You can do a project on Microbiology and how microscopic organisms interact with people.--Apollonius 1236 (talk) 19:48, 20 June 2008 (UTC)

Sociobiology and Evolutionary psychology.--Apollonius 1236 (talk) 19:50, 20 June 2008 (UTC)

Question on atomic structure[edit]

Hi! I'm a grade 10 high school student and this has been a doubt that has been persisting for long...... In Bohr's model of the atom, he says that the electron doesn't lose energy as long as it's revolving in the same orbit. But why?? why doesn't it lose energy? I've had people explaining it as, because of centrifugal force, but in one of my textbooks, I read that Rutherford proposed the same thing in his model of the atom; but he was later proved wrong, as "according to electrodynamics", to quote from the book, "a charged particle revolving around an oppositely charged particle should lose energy and its radius should decrease, ultimately causing the electron to collapse into the nucleus. As this does not happen in the case of an atom, Rutherford's model failed to explain the stability of the atom". I know Bohr made a major advance, where models of atoms are concerned, with the quantization of energy concept,but I still don't understand how the electron could keep accelerating(by change of direction) along a circular path without losing energy...........can anyone tell me how he explained it? none of the books I have gave a satisfactory explanation on that part. Surely he must have had a good explanation for that statement?? (talk) 11:17, 14 June 2008 (UTC)A 15-year old

The Bohr model is actually a very primitive model and not representative of the real situation. You are probably taught this model in school because it is easy to explain and understand, however it is a very simple view and is fundamentally incorrect. In reality, the electron does not actually orbit the nucleus at all, in the way described by the Bohr model. We move onto the more complex valence shell model of the atom. In this model, the electron is not considered a particle and instead exhibits wavelike behaviour, see Wave–particle duality. The electron may exist in a particular region, or spatial distribution, around the nucleus. The shape of this region is dependant upon the particular quantum state of the electron. This region is called an orbital but this may be mis-leading, since due to the wierdness of quantum mechanics, the electron may exist in all regions of the orbital simultaneously. I hope this helps in your understanding and I commend you for asking such a question, it only goes to show that you shouldn't believe everything you are taught in school. Jdrewitt (talk) 11:35, 14 June 2008 (UTC)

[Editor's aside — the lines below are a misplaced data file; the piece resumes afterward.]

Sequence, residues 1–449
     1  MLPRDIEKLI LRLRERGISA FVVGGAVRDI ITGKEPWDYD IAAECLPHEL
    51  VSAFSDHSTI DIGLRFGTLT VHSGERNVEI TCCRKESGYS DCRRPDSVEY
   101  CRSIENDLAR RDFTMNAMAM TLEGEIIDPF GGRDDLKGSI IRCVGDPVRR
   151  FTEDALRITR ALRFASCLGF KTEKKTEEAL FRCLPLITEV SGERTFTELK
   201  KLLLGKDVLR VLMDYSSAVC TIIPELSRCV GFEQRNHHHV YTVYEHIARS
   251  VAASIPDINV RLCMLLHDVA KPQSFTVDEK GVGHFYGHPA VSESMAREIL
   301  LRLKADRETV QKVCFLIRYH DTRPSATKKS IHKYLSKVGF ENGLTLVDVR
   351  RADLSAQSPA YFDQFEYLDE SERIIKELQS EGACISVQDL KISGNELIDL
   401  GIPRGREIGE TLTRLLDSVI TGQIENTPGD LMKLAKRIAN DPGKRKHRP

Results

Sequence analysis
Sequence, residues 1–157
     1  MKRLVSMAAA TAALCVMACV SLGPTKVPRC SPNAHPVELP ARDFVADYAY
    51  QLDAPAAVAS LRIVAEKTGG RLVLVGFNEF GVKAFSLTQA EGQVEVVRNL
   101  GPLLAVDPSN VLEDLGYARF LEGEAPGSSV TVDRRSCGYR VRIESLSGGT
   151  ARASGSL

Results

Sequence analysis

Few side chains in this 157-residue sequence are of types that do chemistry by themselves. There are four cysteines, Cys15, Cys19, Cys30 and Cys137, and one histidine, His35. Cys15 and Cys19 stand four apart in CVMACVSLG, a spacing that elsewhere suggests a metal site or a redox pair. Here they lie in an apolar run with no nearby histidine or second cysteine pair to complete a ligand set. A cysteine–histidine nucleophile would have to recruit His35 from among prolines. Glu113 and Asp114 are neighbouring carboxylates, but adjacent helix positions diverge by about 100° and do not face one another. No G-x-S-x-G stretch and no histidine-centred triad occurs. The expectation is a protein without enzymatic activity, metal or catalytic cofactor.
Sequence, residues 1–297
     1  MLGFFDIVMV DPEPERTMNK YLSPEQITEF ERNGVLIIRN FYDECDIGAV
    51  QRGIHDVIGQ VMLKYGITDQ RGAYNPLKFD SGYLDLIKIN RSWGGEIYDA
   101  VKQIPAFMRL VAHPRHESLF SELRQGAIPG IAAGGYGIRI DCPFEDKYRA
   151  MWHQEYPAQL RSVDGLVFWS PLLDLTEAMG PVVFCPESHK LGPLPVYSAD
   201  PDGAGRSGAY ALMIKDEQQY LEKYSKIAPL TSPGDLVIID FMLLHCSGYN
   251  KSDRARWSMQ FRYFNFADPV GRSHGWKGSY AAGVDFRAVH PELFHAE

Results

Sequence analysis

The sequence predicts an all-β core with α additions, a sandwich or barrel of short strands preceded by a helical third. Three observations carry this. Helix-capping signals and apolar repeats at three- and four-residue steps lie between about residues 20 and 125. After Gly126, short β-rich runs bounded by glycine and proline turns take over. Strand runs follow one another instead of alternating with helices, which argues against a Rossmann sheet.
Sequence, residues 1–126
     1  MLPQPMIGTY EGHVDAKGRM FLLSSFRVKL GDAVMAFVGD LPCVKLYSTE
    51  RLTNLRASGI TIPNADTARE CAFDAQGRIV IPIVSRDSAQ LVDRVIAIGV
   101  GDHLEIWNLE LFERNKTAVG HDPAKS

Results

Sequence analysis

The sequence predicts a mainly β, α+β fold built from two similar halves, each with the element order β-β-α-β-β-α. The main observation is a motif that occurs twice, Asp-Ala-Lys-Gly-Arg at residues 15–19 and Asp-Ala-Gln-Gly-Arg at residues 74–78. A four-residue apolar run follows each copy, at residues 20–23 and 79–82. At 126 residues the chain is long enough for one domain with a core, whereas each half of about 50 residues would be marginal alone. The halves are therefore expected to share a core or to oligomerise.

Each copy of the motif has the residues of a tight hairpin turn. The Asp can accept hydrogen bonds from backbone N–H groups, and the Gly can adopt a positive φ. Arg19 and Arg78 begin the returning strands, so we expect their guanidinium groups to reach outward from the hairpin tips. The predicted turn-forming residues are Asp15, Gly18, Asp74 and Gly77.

If the electron is moving in a path of constant electric field potential (ie in a spherical shell at constant distance (radius) from the proton(s) ) ... and E(total) = E(kinetic) + E(potential).. E(total) cannot change.. so... (talk) 11:36, 14 June 2008 (UTC)
No, any charged particle undergoing a circular trajectory will emit electromagnetic radiation, see cyclotron radiation. So the Bohr model, although nicely introducing quantised energy states etc, doesn't get around the fact that the electron will eventually lose its kinetic energy and the electron will fall into the nucleus. The only way to overcome this problem is to introduce the electronic probabilty distribution valence shell model as described by quantum mechanics. Jdrewitt (talk) 12:05, 14 June 2008 (UTC)
From the point of view of the nucleus ie proton - the electron isn't moving.. Only from the point of view of an external observer is a changing dipole observed - consider that. (talk) 07:25, 15 June 2008 (UTC)
Bohr feigned no hypothesis regarding the reason for the fixed orbitals. His only justification was that it led to correct predictions, which was also Newton's only justification for his inverse-square law of gravity. But Bohr's model, unlike Newton's, turned out to be wrong in almost every respect. In a real (unexcited) hydrogen atom, the electron essentially does fall into the nucleus. See my comment in this thread. Of course, my explanation appeals to the uncertainty principle, about which we also feign no hypothesis. -- BenRG (talk) 22:18, 14 June 2008 (UTC)
It's nonsense to say that we "feign no hypothesis" on the origin of the uncertainty principle. The uncertainty principle is rigorously derived from the time-dependent Schrödinger equation. -- Tim Starling (talk) 07:43, 16 June 2008 (UTC)